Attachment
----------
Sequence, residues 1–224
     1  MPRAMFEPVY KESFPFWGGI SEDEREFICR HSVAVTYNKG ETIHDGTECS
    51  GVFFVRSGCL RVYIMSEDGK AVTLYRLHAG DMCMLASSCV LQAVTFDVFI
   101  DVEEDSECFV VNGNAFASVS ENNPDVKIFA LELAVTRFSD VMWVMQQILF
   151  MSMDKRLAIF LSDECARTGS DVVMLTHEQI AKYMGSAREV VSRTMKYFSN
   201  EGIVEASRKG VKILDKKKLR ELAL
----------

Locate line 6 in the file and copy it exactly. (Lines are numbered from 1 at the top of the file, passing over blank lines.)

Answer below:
   201  EGIVEASRKG VKILDKKKLR ELAL